1 Mix
2 Proof
Sure, there are
three steps, but the
first step is easy
and the last two
steps don't require
any work at all!
Artisan Breads 1..2..3..
Make artisan breads in 3 easy steps.  Its fast, fun, and easy, any
way you slice it!
“Baking is a relaxed art.  
There is no step in the
bread making process that
cannot, in some way, be
delayed or moved ahead
just a bit to make it more
convenient to fit into a
busy schedule.”  -Bernard
Clayton Jr. in The Breads
of France
3 Bake
Tips and
May 6, 2015

Maple Pecan Rolls  (or, Rethinking the Sweet

When I think of sweet rolls, the images from my childhood memories
that pop up are of big fluffy rolls coming from a 9 x 13 inch pan, with
barely a crust.  Kind of the Wonder Bread of pastries.  Moving away
from that model has been an incremental process.  First I started by
using whole grains, then seeds and nuts.  What a big old fluffy
cinnamon roll was missing compared to other pastries however was
the sugary carmelization of the crust.  Pushed up against its fellow
rolls, each individual roll just couldn't carmelize and develop the flavor
that most of its fellow pastries have.  The solution to this lack of flavor
problem was to free the sweet rolls from the 9 x 13 pan and bake
them on spaced apart on a parchment lined baking sheet.  Here is a
recipe for maple pecan rolls that is baked just that way, with the sweet
maple carmelization offering flavor and texture an old fashioned
cinnamon roll could only dream of.  Rather than the twelve rolls I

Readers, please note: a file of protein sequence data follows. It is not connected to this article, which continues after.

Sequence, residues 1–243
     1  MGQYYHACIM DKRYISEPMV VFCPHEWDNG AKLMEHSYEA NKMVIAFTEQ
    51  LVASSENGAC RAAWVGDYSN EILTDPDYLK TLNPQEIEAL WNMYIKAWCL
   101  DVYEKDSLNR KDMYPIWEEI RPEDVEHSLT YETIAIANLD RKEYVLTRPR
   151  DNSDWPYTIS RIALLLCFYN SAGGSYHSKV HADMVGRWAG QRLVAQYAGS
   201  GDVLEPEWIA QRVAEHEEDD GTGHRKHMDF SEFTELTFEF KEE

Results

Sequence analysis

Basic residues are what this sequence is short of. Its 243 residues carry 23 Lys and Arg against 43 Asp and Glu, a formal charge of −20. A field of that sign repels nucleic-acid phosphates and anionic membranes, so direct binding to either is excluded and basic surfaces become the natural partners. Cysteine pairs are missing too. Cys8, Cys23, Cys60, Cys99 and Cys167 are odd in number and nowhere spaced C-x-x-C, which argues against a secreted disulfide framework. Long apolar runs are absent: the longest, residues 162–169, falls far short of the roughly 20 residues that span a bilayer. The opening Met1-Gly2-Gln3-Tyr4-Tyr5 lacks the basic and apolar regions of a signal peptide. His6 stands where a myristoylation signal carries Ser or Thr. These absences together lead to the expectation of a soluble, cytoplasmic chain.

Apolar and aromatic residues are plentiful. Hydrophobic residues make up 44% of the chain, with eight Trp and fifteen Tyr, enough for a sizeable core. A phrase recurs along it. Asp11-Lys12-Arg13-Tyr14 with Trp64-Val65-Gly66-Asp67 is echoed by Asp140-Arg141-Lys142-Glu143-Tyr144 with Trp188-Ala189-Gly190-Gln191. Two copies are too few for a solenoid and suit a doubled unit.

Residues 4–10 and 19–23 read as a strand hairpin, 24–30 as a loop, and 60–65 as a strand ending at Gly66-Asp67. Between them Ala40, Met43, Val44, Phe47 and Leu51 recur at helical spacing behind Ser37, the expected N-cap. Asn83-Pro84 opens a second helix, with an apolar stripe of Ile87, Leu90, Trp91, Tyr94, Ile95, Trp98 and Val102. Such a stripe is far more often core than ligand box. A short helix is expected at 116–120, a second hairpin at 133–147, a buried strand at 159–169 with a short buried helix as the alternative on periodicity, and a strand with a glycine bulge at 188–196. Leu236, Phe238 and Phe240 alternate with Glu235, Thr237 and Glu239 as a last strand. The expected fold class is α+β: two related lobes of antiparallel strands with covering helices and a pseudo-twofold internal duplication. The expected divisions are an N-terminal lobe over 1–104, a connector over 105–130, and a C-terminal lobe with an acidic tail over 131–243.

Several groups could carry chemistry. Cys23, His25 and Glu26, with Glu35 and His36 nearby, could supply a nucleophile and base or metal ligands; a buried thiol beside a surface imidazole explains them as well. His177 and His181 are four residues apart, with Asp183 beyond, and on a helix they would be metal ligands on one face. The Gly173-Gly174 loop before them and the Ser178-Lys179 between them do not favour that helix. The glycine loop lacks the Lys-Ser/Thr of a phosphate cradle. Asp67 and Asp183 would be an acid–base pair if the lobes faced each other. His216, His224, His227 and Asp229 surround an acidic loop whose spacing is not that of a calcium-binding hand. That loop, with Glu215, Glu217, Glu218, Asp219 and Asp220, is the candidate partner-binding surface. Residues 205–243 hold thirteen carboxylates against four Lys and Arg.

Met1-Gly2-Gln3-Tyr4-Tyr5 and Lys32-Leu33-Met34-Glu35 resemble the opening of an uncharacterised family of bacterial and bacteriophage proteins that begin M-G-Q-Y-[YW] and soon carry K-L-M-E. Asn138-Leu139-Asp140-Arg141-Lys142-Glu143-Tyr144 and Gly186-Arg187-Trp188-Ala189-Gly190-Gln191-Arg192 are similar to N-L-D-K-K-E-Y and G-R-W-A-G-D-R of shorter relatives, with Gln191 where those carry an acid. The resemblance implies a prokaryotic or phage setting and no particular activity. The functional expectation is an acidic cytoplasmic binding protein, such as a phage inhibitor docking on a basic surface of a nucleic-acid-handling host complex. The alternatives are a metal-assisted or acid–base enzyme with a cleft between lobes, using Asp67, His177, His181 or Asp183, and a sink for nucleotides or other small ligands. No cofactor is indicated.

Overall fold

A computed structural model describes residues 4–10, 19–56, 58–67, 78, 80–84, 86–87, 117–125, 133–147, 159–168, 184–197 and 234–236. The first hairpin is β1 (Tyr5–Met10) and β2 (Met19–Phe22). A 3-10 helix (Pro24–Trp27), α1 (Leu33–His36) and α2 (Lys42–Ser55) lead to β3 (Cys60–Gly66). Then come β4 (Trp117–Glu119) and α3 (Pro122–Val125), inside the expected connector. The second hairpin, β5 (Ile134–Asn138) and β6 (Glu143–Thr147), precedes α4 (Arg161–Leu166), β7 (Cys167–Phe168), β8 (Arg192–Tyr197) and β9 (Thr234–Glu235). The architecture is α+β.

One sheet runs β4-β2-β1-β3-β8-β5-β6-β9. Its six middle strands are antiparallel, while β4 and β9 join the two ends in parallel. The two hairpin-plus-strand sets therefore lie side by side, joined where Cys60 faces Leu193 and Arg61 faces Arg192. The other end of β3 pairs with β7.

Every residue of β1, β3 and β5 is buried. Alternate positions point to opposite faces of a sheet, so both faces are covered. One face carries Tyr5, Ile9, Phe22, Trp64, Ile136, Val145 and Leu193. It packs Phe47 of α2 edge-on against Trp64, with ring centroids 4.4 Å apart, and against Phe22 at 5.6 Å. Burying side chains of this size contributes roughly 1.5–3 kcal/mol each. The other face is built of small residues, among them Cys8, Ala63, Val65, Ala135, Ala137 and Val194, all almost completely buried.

usually make with this amount of dough, I cut 16 slightly smaller rolls
when making this.

Maple Pecan Rolls from Multigrain Dough (single batch, 16 rolls)


Place the flours, yeast, salt, buttermilk powder and sugar in a large
bowl and stir together.  Form a cup in the middle and add the eggs,
butter and water and stir until smooth, then stir vigorously another 30
seconds with a sturdy spoon.  Leave covered at room temperature
for 2 hours then refrigerate OR refrigerate immediately and wait at
least 12 hours to use the dough.


Mix the sugars, pecan pieces, ground fennel and salt together in a
small bowl and set aside.

Take the dough out of the refrigerator and roll out on a lightly floured
surface into a 12 x 20 inch rectangle.  Brush the dough with the
melted butter then sprinkle the filling evenly over the dough, keeping
filling 1/2 inch from the edges.  Roll up the dough from the long side
into a tight roll, pinching the seam together.  Cut the roll crosswise in
half, then quarters, then eighths, then sixteenths.

Place each roll on a baking sheet lined with parchment paper, (I
typically place eight rolls per large baking sheet, two sheets per
batch).   Cover loosely with plastic wrap and refrigerate for 1-2 days
until ready to bake or allow to rise at room temperature for one hour
then bake.

Thirty minutes before baking (and about an hour before serving)
remove the rolls from the refrigerator and preheat oven to 450
degrees.  Place the rolls in the oven and turn the oven down to 400
degrees.  Bake until the tops of the rolls start to brown, about 16-18
minutes.  Cool on a wire rack and frost while slightly warm.  Sprinkle
with 1/3 cup more pecan pieces before frosting sets.

Maple Frosting
All-purpose flour
2 cups, 280 g
Whole wheat or spelt flour
1 cup, 140 g
Pumpernickel (coarse rye) flour
1/2 cup, 70 g
Active dry yeast
3/4 Tbsp, 7 g
Kosher salt
3/4 Tbsp, 11 g
Buttermilk powder
1/4 cup, 38 g
2 Tbsp, 25 g
Large eggs, slightly beaten
Butter, melted
4 Tbsp, 56 g
Water, heated to 105-115 F
1 - 1 cup plus 2 Tbsp, 237-267 g
1/3 cup, 67 g
Brown sugar, packed
1/2 cup, 110 g
Pecan pieces
1/2 cup, 60 g
Ground fennel
1/2 tsp
Kosher salt
Butter, melted
3 Tbsp, 42 g
Butter, melted
2 Tbsp, 28 g
Maple syrup
1/4 cup
Maple flavoring
1/2 tsp
Powdered sugar
2 cups, 250 g